“To truly differentiate our waterproof breathable fabric, it’s been about finding a balance of waterproofness and true air permeability,” says Cattanach. Polartec Neoshell allows a small — but significant — amount of air through the membrane. This allows the body’s heat and moisture to escape without requiring a phase change, from vapor to liquid, for moisture to move through it. In this way, Neoshell can regulate a person’s core temperature quickly.
Polartec Neoshell shells are geared toward winter outdoorsmen who sweat often. Cattanach says that the obvious wearers of Neoshell jackets are day hikers, high-output climbers and general alpinists, but more people who used to consider waterproof shells a last resort, like cyclists and runners, are now wearing NeoShell for its breathability. “We now have a technology that allows people to rethink how they dress for activity. They no longer need to consider keeping their shell in the bottom of their pack for emergencies, they can keep it on for the widest range of activity levels and conditions.”
Brands that incorporate Polartec Neoshell: Strafe, Marmot, L.L.Bean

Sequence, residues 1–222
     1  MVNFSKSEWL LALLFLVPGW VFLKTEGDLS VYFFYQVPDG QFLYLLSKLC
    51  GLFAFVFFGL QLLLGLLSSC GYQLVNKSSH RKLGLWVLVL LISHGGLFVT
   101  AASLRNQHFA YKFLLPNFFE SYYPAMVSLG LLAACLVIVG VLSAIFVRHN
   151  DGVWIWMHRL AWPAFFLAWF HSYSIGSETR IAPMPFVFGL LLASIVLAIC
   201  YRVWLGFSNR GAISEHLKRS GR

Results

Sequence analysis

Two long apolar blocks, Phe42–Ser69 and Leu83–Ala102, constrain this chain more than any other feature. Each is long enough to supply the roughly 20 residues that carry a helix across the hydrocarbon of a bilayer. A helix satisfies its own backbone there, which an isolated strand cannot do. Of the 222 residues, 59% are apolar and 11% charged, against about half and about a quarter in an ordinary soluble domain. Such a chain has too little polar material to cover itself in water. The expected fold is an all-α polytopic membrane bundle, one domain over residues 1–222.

Lab Coat Jacket by FlyLow Gear $525
Storm King Jacket by Marmot $550
Outerwear Cham 2 Jacket by Strafe $465
NeoShell Jacket by L.L. Bean $349
Expert: Chad Kelly, Director of Sales and Product Line for eVent fabrics
As with other membranes, eVent‘s primary goal was to create the most breathable and fully waterproof textiles on the market. Chad Kelly, the brand’s director of sales and product line who has been with eVent fabrics since its inception in 1999, says DValpine technology separates them from competitors.
“eVent’s difference is that the membrane is air permeable and has an open-pore structure,” says Kelly. “A patented membrane treatment keeps the pores of the membrane open to allow what we call one-step ‘Direct Venting;’ in other words, body heat and moisture can pass through the eVent membrane in vapor form.” Without the need for moisture to change phase, sweat and heat are released more quickly.